According to another aspect of the invention, the FIFO buffer includes a dual port memory area, write pointer logic, and read pointer logic. The FIFO buffer further comprises flag logic coupled to the write pointer logic and to the read pointer logic. The flag logic includes a comparator circuit which provides a comparator signal for generating an empty flag signal and a comparator signal for generating a full flag signal. The comparator signal for generating the empty flag is provided from the comparator circuit before the FIFO buffer becomes empty and the comparator signal for generating the full flag is provided from the comparator circuit before the FIFO buffer becomes full. The invention will be more readily understood by reference to the drawings and the detailed description. As will be appreciated by one skilled in the art, the invention is applicable to FIFO circuitry in general, and is not limited to the specific embodiment disclosed.

BRIEF DESCRIPTION OF THE DRAWINGS

FIG. 1 (Prior Art) shows an area of storage within a typical FIFO circuit.

FIG. 2 (Prior Art) illustrates a circular buffering technique commonly implemented within FIFO circuits.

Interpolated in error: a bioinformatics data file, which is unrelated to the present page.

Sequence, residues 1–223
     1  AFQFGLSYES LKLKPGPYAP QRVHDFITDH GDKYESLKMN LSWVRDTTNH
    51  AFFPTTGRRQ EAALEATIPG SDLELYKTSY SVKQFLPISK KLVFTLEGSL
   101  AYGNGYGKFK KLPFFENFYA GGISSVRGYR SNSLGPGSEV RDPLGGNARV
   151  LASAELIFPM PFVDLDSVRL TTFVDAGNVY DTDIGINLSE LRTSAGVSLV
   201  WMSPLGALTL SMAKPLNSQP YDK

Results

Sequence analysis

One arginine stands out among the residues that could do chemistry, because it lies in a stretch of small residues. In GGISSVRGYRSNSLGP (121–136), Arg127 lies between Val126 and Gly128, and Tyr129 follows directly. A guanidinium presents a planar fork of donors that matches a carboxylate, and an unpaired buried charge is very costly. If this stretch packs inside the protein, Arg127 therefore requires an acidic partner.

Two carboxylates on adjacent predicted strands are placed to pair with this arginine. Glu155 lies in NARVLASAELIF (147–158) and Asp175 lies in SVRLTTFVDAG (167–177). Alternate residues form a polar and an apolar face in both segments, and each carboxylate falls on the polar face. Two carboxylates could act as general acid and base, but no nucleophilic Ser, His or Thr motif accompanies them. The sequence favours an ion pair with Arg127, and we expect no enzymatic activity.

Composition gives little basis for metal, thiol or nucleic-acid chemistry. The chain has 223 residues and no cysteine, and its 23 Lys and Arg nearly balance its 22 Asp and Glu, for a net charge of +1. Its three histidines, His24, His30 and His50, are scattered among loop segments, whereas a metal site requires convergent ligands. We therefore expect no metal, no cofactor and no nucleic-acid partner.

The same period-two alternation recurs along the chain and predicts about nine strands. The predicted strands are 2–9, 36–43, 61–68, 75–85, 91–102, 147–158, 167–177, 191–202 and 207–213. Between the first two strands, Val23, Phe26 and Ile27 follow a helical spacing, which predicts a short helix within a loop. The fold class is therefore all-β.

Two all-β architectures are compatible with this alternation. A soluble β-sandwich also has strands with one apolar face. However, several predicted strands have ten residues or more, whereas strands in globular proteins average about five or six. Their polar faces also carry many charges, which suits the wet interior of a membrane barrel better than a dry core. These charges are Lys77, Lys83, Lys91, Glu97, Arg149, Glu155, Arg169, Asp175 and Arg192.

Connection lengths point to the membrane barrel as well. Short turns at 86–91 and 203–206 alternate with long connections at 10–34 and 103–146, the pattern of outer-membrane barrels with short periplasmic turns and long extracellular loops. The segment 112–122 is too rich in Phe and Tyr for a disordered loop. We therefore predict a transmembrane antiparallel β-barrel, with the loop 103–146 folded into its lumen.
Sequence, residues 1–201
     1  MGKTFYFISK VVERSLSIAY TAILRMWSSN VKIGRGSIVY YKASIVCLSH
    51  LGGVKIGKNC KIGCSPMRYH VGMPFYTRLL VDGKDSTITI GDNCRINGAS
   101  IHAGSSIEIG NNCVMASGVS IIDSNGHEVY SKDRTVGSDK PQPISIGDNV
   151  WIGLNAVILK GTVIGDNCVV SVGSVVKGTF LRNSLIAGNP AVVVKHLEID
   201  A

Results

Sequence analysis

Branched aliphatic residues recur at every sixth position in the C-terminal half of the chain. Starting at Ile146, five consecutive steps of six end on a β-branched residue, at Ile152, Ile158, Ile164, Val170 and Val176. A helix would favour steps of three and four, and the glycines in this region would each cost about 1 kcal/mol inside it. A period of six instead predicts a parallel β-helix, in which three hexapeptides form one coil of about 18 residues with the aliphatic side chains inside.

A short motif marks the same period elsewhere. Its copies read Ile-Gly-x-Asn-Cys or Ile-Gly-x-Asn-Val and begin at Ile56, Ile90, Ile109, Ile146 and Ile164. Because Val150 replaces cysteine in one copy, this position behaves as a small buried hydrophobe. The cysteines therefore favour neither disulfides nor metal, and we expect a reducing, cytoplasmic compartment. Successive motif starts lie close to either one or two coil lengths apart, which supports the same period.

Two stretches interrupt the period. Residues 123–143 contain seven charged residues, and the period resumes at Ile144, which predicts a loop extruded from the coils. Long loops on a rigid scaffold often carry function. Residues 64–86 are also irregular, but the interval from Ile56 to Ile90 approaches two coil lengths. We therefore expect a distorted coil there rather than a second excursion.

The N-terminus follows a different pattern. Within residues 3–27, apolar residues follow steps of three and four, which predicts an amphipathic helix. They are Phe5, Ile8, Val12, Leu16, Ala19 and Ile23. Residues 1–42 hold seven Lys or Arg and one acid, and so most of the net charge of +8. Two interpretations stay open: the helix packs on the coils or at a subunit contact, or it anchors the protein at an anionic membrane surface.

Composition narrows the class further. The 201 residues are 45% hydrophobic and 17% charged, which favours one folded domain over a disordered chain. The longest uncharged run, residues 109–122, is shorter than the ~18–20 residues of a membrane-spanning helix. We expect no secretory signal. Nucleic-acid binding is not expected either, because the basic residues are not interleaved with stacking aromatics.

FIG. 3 (Prior Art) shows a functional block diagram of a basic FIFO circuit.

FIG. 4 shows a functional block diagram of a FIFO buffer with a shadow register in accordance with the invention.

FIG. 5 shows a functional block diagram of a portion of a FIFO circuit according to the invention including interior sections of a shadow register.

FIG. 6 shows a functional block diagram of an output section incorporated within a FIFO circuit in accordance with the invention.

FIG. 7 shows a functional block diagram of flag logic within a FIFO circuit for generating the empty flag.

FIG. 8 shows a functional block diagram of flag logic within a FIFO circuit for generating the full flag.

FIG. 9 shows a schematic of a location zero register incorporated within a FIFO circuit in accordance with the invention.

FIG. 10 shows a schematic of a shadow register and latch incorporated within a FIFO circuit in accordance with the invention.

FIGS. 11 and 12 show schematics of interior portions of comparator logic within a FIFO circuit.

FIG. 13 shows a schematic of a comparator unit.

FIG. 14 shows a timing diagram for a FIFO circuit in accordance with the invention.

DETAILED DESCRIPTION